By Maryanne Gicobi
The rampant cases of poaching witnessed in the country have been attributed to lack of requisite training on the part of game rangers, among other reasons.
A new report has come up with suggestions of techniques that the Kenya Wildlife Service can adapt to effectively combat poaching and subsequently ivory smuggling.
One of the recommendations is to treat sites where elephants have been killed as crime scenes.
“Although it has often been overlooked, sites where elephants have been killed should be secured in order to protect evidence,” reads the report.
The study also states that it is crucial for anti-poaching trackers to be well trained in tactical skills and intelligence to catch not only the low-level poachers, but also the high-level criminals who oversee the illegal ivory trade.
KWS has recently set a unit for training its officers in among other techniques, crime scene management.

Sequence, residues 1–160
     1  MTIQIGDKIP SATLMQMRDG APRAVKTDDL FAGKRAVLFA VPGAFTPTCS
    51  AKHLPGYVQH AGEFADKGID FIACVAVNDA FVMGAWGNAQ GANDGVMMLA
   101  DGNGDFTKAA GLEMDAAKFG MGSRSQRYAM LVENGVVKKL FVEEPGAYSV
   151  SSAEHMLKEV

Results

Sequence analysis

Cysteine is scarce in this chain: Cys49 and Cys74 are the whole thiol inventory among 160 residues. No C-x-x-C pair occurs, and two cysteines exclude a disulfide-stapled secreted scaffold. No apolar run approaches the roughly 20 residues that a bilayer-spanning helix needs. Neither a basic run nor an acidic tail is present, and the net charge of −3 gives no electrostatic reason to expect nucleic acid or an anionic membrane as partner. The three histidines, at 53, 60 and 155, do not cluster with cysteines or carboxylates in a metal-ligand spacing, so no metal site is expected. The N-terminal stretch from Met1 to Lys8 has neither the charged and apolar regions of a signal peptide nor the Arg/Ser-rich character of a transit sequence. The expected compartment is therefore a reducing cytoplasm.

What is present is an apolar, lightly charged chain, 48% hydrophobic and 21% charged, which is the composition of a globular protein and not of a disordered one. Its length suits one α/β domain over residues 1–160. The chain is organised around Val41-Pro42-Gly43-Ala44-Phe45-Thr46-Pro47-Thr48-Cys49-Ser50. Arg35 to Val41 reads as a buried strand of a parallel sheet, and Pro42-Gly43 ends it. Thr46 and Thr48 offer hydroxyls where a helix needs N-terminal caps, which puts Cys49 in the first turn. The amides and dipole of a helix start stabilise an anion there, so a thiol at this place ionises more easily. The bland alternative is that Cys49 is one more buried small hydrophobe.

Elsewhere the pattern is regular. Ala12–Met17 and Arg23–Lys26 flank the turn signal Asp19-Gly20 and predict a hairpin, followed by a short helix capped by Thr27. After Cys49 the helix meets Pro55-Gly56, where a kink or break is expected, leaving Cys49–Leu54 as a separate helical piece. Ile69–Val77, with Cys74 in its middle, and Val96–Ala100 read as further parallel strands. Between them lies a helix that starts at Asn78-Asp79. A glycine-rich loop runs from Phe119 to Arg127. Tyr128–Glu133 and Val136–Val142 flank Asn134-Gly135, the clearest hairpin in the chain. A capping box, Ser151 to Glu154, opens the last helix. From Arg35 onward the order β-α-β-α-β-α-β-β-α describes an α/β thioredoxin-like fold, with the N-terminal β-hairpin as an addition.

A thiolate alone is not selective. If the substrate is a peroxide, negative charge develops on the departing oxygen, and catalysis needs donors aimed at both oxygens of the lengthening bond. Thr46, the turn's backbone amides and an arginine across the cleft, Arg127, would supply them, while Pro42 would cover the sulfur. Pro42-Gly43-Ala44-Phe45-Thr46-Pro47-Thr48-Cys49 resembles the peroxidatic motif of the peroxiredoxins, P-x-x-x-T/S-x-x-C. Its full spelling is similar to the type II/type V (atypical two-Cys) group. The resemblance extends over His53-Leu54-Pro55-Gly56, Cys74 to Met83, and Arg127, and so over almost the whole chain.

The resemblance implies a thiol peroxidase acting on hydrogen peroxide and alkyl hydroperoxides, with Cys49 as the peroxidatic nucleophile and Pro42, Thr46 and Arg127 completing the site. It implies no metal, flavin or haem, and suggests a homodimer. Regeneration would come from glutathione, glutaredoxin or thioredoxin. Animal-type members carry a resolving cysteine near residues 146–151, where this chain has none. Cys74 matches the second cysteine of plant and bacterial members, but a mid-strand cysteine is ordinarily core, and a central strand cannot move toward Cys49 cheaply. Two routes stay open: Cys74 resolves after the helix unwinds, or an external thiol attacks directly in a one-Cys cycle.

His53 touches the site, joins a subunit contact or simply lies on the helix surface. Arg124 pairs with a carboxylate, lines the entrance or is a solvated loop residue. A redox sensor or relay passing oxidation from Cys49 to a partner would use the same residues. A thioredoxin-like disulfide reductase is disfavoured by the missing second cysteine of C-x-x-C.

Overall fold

The special inter-unit force that was established a while ago to fight poachers should train its officers on schemes that will improve investigations and provide better evidence, as only evidence which has been properly secured at the crime scene can be presented in court.
“At the end of training, the ranger will; with only a pen, paper, a knife and a mobile phone equipped with a camera; establish a range of evidence to ensure that poachers are caught prosecuted and convicted,” states the report.
Poachers in the 70s and 80s, the report revealed, often killed rangers. It was not until the rangers received better training that the situation improved.
Further, the study suggests use of separate anti-poaching units. Small units reduce the probability of graft and facilitate collection of intelligence and establishment of anti-poaching networks in villages outside protected areas. More....